This is when copying other photographers’ work is a good idea

Feb 11, 2020

Dunja Djudjic

Dunja Djudjic is a multi-talented artist based in Novi Sad, Serbia. With 15 years of experience as a photographer, she specializes in capturing the beauty of nature, travel, and fine art. In addition to her photography, Dunja also expresses her creativity through writing, embroidery, and jewelry making.

This is when copying other photographers’ work is a good idea

Feb 11, 2020

Dunja Djudjic

Dunja Djudjic is a multi-talented artist based in Novi Sad, Serbia. With 15 years of experience as a photographer, she specializes in capturing the beauty of nature, travel, and fine art. In addition to her photography, Dunja also expresses her creativity through writing, embroidery, and jewelry making.

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No matter if you’re a total newbie or you’ve been shooting for a while, the last thing you wanna be is a copycat. Nobody likes copycats, right? But bear with me. In this video from Westcott, photographer Glyn Dewis shares some situations when copying others’ work will be good for your own photography without harming the original authors. So let’s hear what he has to say.

YouTube video

Before we proceed, I must emphasize that you shouldn’t copy other’s people work and display it as your original idea. It’s a no-no! But copying it only for your personal use is fine, and these are some of the benefits:

First, copying other photographers’ work can be a crucial step in the process of developing your own style. This is especially useful for beginners who aren’t quite sure yet in which direction to go. Trying to copy photos from other photographers will, for starters, let you see if something works for you or not.

Then, remember that you will never be able to fully copy someone else. You work under different conditions and have different possibilities. Also, you have your own preferences, so you will change something in the process after all.

Lastly, copying other photographer’s work could be beneficial even for the more experienced among us. Look at photos by photographers whose work you really, really admire. Then, try to figure out how they did it and recreate the look: the lighting, the composition; the hair style and clothing of the model, etc. As Glyn calls it, try to “reverse-engineer” their photos and figure out how photographers you admire achieved certain results. This kind of “reverse-engineering” can keep you excited and make you feel as if you “cracked the code.” I sometimes do it with editing styles, so I can confirm that the feeling of accomplishment is pretty high when I achieve the desired look.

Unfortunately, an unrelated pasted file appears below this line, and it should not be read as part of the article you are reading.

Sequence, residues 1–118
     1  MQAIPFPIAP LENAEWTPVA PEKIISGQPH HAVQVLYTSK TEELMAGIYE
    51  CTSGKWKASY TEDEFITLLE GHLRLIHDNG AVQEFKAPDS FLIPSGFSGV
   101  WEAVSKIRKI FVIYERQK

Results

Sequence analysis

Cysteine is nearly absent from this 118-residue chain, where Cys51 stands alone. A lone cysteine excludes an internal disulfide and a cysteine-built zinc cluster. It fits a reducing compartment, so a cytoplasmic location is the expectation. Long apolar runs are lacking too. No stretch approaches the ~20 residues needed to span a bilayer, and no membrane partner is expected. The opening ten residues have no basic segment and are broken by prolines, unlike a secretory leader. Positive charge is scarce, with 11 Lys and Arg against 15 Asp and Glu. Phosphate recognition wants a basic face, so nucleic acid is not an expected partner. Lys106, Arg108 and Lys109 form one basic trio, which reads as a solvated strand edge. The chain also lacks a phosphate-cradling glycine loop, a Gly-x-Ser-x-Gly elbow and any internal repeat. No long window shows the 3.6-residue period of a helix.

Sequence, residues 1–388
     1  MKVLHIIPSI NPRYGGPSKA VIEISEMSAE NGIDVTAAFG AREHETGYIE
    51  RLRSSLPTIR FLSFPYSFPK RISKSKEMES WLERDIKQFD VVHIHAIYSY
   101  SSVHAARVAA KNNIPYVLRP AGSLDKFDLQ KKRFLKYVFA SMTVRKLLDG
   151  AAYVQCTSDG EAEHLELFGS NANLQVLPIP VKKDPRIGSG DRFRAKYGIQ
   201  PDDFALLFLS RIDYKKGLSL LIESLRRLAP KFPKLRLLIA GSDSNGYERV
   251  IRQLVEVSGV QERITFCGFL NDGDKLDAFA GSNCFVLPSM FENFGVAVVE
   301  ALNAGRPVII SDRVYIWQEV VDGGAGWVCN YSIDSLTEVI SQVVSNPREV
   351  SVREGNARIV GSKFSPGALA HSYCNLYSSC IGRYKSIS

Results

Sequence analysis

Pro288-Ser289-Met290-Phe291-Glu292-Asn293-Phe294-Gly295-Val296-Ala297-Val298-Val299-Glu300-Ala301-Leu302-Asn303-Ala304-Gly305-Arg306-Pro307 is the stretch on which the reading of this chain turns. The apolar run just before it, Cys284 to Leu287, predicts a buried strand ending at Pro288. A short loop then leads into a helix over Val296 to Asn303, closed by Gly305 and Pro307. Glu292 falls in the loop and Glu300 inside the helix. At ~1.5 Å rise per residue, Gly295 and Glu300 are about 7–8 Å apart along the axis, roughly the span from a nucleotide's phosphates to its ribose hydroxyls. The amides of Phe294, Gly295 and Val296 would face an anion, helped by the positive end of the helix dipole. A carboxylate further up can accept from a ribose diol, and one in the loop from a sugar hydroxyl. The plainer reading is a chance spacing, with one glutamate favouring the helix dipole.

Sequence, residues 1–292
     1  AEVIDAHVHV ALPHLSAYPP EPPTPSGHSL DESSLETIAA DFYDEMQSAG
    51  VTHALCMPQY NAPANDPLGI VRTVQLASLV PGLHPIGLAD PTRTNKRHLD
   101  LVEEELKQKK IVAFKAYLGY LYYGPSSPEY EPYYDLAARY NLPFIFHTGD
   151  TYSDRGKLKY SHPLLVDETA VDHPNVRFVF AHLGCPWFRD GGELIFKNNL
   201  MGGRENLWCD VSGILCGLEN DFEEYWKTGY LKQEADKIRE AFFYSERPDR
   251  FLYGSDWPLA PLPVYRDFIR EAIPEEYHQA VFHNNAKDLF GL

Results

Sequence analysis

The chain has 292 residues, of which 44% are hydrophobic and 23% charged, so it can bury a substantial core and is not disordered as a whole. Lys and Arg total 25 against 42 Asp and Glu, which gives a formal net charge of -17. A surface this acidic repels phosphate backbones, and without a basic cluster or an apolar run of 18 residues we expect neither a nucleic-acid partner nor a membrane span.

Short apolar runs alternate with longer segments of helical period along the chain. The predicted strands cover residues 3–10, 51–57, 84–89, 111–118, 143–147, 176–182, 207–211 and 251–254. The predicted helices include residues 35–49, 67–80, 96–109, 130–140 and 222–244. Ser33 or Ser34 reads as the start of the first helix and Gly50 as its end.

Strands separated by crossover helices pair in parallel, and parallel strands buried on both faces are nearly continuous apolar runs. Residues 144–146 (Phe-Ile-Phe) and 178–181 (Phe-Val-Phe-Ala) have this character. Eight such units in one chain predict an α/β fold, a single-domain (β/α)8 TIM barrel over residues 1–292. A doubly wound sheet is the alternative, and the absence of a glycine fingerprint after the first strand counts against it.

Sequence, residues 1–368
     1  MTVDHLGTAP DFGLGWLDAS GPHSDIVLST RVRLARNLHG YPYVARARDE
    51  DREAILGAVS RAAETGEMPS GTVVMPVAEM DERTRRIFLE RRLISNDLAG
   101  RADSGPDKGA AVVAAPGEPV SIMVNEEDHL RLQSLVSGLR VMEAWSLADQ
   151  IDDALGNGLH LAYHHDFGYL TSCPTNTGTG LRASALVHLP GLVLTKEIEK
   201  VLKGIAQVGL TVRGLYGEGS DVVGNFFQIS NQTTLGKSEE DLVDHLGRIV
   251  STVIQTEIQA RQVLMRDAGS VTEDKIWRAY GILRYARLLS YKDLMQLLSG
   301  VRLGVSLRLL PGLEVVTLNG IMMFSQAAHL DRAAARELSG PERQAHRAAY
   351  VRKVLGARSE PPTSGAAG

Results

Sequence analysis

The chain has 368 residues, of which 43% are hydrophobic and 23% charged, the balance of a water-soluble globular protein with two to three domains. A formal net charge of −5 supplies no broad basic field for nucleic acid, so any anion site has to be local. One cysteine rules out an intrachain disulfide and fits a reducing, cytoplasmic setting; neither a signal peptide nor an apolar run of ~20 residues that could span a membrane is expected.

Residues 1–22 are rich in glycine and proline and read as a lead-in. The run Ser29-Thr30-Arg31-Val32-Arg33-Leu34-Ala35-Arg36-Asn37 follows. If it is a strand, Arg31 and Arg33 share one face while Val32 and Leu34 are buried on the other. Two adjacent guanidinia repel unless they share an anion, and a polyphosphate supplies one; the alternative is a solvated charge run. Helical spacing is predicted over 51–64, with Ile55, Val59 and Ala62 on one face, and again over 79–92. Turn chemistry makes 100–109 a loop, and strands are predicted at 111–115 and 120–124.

What do you think of this? Can copying other photographers’ work be a good idea in some situations, or you think it’s always a big no-no?

[How to Find Your Own Photography Style via FStoppers]

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Dunja Djudjic

Dunja Djudjic

Dunja Djudjic is a multi-talented artist based in Novi Sad, Serbia. With 15 years of experience as a photographer, she specializes in capturing the beauty of nature, travel, and fine art. In addition to her photography, Dunja also expresses her creativity through writing, embroidery, and jewelry making.

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4 responses to “This is when copying other photographers’ work is a good idea”

  1. Adrian J Nyaoi Avatar
    Adrian J Nyaoi

    For a start, yes copying is a good starting point. From there good photo by famous photographer should just be an inspiration.

  2. Duncan Knifton Avatar
    Duncan Knifton

    used as inspiration yes….direct copy, with no personal input by yourself…is both lazy and under valuing the original art.

  3. Don Barnard Avatar
    Don Barnard

    drawing inspiration from existing works is fine… after all…. name one photographer ever that wasn’t drawing inspiration from famous painters for composition and light? where would Karsh have been if Rembrant wasn’t there first?

  4. Hugh Dom Avatar
    Hugh Dom

    Reasons there are “Copyist Program” in some of the top museums for artists to develop their craft through intimate studies of master pieces. Usually is for painting, sculpture, and textiles work but don’t see why it shouldn’t apply to photography.